Incremental Urbanism

March 19, 2012 § Leave a comment

Recently, we were asked to share our perspective at a community event focused on the state of downtown Long Beach’s urban framework. The following is an excerpt from the presentation:

During these challenging economic times, and with the loss of redevelopment agencies, we’ve been impressed by the resilience of both downtown and its adjacent neighborhoods. Organic small-scale improvements (what we refer to as incremental urbanism) are collectively having a positive impact on our environment and support the city’s desire to be more sustainable and healthy. These improvements can be organized into three categories:

1. Adaptive Reuse

Approaching urban renewal by purchasing adjacent individual lots and clear-cutting buildings for block size development has now become cost-prohibitive, resulting in an increased interest in reuse. Excellent examples of unique building stock that has been re-positioned include 4th + Linden, 420 Fourth Street, and the Arts Building on Third Street.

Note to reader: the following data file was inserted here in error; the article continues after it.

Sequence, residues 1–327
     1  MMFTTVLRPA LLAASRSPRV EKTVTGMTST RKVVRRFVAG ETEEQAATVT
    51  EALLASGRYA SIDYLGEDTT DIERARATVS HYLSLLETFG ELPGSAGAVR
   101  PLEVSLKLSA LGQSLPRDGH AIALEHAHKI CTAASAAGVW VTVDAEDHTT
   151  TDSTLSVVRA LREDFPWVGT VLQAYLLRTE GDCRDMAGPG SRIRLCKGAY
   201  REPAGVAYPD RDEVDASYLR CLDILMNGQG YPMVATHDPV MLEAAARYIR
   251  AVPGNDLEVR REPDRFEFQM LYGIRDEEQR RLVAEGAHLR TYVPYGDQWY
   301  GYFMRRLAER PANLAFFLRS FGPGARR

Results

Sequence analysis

2. Bike Facilities

The City of Long Beach continues to augment its reputation of being the most bike-friendly city in US. With a new bike station, cycle track, and bike boulevard, these projects benefit more than just cyclists. For example, the cycle track has transformed Broadway and Third Streets – once high speed freeway extensions – into livable complete streets promoting pedestrian activity and retail uses.

 

3. The Emergence of Local Retailers

Many professionally-run local businesses have filled in where national retailers were once courted. Downtown continues to gain vibrant retailers – such as Café Berlin, The GreenHouse, 4th Street Vine, Congregation Ale House, and Fingerprints – that bring value and a sense of place to our communities. In addition, the private sector is making bold new investments, such as Lola’s Mexican Cuisine‘s recent completion of Southern California’s first parklet (with at least two more on the way).

These investments are not only improving our downtown, but they’re also setting a solid foundation for the next economic boom; even if it’s far on the horizon, we are pleased to see progress happening now.

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